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Readers of the New York Magazine (ones who don't read Slate, the New York Times Styles, Forbes, the San Francisco Chronicle, or Wired) now know there's a boom on. Writer Kurt Andersen spends three pages (well, the last page is two lines, like the last page of a dictated-length term paper) telling the same story as the other papers, but with the cluelessness with which the New York media glitterati always approach the Internet. It's like seeing USA Today redo a trend piece, but without the humility. So spare yourself the read and use the Valleywag Lazy News Edition.

  • Title: The Way We Boom Now
  • Subtitle: What this age of Internet euphoria looks like to those of us who were in the game last time around. For one, bubbles aren't completely bad.
  • The Internet industry is a bubble again. But it's not a bubble. But it is a bubble...or is it? No. Yes.
  • Poster children: Fred Wilson, the blogging VC who fed the first bubble, now chastising the fools who fed the first bubble; MySpace, YouTube, and DailyCandy (sing with me: one of these things is not like the others...); bloggers and podcasters
  • Illustration: (Pictured) The backs of two chic Net users, one in 1998 and one in 2006. Message unclear.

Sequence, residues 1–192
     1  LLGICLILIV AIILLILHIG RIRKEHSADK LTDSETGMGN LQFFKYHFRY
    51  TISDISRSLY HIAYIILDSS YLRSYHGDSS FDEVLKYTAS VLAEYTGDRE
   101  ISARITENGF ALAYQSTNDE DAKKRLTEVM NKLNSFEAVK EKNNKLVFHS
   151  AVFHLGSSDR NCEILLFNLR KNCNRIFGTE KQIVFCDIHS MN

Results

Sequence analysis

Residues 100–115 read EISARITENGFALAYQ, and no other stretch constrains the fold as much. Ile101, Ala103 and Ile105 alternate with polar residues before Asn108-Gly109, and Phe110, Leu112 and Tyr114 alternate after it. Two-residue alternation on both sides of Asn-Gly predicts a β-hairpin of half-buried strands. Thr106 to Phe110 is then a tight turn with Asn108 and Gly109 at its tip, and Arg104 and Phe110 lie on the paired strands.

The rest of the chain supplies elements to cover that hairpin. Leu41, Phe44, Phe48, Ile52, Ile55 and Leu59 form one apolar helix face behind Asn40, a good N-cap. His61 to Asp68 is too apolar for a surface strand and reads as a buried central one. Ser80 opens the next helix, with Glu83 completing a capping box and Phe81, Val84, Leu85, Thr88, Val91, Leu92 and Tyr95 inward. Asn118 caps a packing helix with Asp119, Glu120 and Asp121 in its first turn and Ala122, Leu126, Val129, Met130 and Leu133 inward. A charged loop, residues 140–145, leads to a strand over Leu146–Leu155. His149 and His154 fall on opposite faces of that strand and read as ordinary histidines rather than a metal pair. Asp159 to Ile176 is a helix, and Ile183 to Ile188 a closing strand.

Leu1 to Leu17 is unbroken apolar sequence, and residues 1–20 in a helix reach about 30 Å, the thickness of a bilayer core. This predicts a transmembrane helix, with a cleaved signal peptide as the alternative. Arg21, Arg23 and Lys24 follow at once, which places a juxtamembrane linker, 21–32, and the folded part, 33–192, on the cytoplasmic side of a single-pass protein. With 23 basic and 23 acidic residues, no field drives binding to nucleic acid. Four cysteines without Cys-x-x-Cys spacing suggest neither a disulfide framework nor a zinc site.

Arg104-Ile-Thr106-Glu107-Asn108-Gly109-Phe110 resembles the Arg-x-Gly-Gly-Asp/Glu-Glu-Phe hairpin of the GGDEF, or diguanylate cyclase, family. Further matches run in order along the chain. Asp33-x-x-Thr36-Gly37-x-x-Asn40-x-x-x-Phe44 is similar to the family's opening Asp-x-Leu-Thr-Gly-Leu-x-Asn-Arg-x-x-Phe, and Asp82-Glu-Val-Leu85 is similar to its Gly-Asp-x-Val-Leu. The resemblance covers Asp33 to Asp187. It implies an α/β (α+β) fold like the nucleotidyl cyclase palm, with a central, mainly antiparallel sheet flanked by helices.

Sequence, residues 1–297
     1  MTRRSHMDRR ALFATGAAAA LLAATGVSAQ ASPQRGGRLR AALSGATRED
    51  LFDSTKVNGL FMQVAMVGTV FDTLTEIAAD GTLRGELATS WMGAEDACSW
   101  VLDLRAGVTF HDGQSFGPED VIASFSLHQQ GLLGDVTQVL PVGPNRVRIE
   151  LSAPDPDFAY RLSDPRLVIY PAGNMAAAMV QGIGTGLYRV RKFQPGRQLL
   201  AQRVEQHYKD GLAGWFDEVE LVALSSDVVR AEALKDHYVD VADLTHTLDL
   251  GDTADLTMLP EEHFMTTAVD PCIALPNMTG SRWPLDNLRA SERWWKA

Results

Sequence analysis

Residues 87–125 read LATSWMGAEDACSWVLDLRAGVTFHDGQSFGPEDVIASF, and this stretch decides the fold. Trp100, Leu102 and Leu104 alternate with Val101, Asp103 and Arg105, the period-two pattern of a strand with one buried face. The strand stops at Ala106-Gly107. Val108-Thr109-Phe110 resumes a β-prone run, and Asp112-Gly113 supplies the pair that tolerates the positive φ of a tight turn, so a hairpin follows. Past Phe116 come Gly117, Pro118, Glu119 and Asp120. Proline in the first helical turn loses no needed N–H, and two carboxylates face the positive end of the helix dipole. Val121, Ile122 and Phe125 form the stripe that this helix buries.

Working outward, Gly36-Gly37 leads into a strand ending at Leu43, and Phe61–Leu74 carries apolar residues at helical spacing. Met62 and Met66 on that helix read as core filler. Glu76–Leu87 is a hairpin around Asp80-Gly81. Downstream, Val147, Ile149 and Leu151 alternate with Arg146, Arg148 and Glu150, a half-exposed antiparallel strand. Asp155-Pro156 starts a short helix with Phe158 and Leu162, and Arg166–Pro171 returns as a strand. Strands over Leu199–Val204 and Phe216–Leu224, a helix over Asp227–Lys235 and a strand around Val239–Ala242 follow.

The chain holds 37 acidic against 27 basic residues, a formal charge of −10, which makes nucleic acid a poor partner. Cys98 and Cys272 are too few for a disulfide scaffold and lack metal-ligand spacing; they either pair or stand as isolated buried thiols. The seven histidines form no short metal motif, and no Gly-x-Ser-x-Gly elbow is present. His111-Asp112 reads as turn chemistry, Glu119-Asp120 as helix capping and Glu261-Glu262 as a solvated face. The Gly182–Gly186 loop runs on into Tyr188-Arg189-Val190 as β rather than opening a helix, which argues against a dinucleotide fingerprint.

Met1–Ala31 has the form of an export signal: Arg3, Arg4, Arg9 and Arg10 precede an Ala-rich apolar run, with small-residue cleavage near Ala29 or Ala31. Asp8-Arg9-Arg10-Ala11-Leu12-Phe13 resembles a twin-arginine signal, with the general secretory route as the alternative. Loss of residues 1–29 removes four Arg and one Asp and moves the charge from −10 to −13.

• Lead: Kurt Andersen and his friends are prescient but too dumb to notice.
  • Bold names: John Battelle, dot-com journalist survivor of Boom 1 and founder of blog ad network Federated Media Publishing; Walter Isaacson, Internet czar of Time Warner in the 90s; Michael Hirschorn, Andersen's former business partner at Inside; Fred Wilson, "rockstar" VC; Jerry Colonna, Fred's co-founder at VC firm Flatiron; Dany Levy, founder of DailyCandy (more on her later today); Michael Wolff, Burn Rate burnout
  • Lesson 1: A $100-million dollar valuation for a shopping newsletter is "really not crazy" if Kurt Andersen decides it's not. This is the magic logic of trend stories.
  • Lesson 2: If Valleywag dedicates 250 words to a tip, it's worth one sentence to a real paper.
  • Lesson 3: Burn Rate author Michael Wolff sucks at forecasting. Also, he calls the Internet "the business."
  • Best line: "I'm a rock star again." — Fred Wilson
  • Non sequitur: The whole slant is "We've learned our lesson" — but Fred's quoted saying half the boom participants weren't around for the 90s bubble. Where'd they learn this lesson, in grade school?
  • WTF: "To call a Web business a 'dot-com' in 2006 would be the equivalent of calling a black person 'colored.'" I tried to verify this, but there weren't any black people around.

The Way We Boom Now [New York Magazine]
Earlier Lazy News: Web 2.0 has a local address [Valleywag]